There’s the desktop web, and then there’s the Mobile web. To stay on top, you’ll need to take advantage of both.

The mobile web refers to Internet-based tasks that can be accessed and accomplished by a mobile device – whether it be a smartphone or a tablet PC – that is connected to a wireless network.

It’s been estimated that about 70 million Americans access the Web from their mobile device. Your business should take the opportunity to be present on the mobile web in order to tap into new markets.

Unfortunately, your current desktop website is likely not ready for the mobile web. Mobile websites must be formatted in a particular way to better function on the limited space of the mobile device. Simply scaling down your current website just won’t do the trick, as your users will have to zoom in with their touchscreens in order to even press on a link. And who wants to go through that kind of hassle just to click on a link?

Unless you’re fluent with mobile HTML code, you will likely need to shop for a more experienced web designer and SEO professional in order to customize your site for mobile devices.

In the case of mobile devices, according to Cameron Moll, author of Mobile Web Design, content is not king, but context. This means that no matter what great content you have on your current site, it’s next to useless if a mobile user can’t access it. You must then cater to the limitations of the mobile device in order to make mobile-friendly landing pages for your site. Ultimately, the mobile device itself will decide how easy the experience of surfing your site will be.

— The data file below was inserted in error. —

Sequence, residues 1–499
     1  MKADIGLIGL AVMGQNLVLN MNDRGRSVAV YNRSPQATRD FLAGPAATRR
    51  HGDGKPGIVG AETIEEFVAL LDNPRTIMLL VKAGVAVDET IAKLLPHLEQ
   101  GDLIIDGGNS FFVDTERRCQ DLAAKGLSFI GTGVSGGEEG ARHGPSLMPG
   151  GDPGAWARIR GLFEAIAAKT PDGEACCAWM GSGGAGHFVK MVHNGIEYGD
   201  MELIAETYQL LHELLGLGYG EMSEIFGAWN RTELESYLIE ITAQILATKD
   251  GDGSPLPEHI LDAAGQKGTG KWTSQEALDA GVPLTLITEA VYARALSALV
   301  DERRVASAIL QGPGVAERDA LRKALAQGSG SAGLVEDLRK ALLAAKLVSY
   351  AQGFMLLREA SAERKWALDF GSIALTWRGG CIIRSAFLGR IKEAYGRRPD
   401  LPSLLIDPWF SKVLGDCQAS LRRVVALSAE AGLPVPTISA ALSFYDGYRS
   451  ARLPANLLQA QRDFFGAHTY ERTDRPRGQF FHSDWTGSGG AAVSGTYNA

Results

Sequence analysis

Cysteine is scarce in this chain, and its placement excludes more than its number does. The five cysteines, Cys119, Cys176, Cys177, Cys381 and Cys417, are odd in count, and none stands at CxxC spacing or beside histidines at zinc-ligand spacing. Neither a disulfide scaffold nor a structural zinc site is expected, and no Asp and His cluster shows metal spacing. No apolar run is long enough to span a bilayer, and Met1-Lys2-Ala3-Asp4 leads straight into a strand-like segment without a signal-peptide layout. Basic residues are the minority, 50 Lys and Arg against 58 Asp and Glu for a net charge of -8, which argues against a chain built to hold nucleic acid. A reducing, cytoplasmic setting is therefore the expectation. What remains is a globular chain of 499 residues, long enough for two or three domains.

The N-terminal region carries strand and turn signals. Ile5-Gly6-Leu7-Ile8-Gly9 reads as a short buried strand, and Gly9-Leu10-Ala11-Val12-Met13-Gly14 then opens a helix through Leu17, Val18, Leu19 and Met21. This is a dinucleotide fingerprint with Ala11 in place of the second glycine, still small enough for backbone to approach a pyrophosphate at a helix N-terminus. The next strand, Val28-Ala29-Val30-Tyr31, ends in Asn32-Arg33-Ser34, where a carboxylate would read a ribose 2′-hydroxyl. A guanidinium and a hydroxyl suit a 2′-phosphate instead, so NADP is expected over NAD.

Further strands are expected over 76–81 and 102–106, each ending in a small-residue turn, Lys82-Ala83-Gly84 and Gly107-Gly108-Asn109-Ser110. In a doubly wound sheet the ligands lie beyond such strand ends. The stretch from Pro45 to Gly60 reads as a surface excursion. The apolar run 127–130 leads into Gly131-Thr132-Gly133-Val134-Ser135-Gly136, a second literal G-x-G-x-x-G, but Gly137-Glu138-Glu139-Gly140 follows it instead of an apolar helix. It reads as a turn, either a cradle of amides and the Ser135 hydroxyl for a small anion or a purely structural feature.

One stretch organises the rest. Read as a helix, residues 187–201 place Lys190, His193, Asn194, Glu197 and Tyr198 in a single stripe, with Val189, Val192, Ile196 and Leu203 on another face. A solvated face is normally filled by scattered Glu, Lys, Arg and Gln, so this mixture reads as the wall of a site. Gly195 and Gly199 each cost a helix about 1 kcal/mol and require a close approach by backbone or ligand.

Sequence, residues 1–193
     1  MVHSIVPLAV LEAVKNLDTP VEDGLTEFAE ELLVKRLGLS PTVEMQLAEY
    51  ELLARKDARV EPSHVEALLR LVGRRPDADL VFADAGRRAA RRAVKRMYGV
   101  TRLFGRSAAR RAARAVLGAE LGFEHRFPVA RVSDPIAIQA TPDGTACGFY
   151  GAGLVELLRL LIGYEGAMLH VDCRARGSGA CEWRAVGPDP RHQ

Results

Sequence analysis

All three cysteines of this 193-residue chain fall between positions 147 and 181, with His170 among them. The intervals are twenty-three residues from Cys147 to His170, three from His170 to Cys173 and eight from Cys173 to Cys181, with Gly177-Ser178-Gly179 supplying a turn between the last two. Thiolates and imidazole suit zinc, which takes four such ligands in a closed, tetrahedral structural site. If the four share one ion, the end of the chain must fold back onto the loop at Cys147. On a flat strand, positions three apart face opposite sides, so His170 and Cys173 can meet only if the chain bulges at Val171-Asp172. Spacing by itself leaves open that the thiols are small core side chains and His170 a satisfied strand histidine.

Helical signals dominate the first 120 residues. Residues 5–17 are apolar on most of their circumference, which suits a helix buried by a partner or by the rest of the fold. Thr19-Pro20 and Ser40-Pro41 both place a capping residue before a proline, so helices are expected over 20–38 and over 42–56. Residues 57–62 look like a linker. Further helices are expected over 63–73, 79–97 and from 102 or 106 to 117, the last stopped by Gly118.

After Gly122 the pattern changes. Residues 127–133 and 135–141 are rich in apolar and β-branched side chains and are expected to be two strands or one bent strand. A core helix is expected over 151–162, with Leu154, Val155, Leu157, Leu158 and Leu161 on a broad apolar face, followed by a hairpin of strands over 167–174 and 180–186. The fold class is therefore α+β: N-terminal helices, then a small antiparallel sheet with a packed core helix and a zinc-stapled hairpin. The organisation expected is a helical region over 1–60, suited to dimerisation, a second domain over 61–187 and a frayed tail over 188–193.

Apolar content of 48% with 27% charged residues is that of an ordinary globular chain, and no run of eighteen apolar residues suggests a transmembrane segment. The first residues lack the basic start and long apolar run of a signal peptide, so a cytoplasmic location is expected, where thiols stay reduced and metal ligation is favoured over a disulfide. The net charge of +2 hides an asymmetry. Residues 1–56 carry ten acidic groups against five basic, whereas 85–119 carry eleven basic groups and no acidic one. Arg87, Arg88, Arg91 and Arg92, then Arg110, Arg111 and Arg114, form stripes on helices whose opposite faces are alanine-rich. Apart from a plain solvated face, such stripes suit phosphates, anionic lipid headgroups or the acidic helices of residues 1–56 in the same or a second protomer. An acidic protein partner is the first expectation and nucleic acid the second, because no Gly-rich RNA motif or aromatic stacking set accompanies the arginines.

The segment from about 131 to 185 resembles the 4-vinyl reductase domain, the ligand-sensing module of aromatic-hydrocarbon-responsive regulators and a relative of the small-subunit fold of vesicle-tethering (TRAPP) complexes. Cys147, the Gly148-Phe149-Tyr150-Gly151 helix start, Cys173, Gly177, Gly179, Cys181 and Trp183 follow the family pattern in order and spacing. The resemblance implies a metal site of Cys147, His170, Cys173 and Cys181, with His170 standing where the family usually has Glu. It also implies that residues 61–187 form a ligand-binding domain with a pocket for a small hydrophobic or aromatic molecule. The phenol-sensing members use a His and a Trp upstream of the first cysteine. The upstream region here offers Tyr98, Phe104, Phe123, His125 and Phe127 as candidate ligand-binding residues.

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There are several considerations you should mull over in creating your mobile site:

  • You can’t take everything with you. When building your mobile site, you’d probably like it if all the content of your site could be available in mobile. Unfortuately, not all of the content on your desktop site will fit into a mobile site. Instead, include the most important and relevant pieces of content on the front page. This requires putting yourself in the head of a mobile user to determine what a mobile user will be looking for first, which is easier said than done. When you figure out the most important functions in your site that you want to transfer to your mobile development, you can build from there and trim down the site.
  • Build utilities apps to promote your content. You can also use utilities or apps on your site that your desktop site would have no need for. For instance, you can have mobile users download a mobile app for your site, or a tool that alerts them of when a particular product is on sale, which can be particularly useful for highly-awaited items in stock.
  • Navigational structure. You next step, after figuring out what content will be front-and-center in your mobile site, is the navigational structure. In designing your mobile site, the main goal is to make it readable and easy to use across all mobile platforms. Instead of making users press links for several layers of navigation, present your navigation option all in one vertical list as your main landing page.

These are just a few of the factors you’ll need to consider in creating a mobile site. Sticky Web Media also employs designers that are well-versed in optimized mobile pages.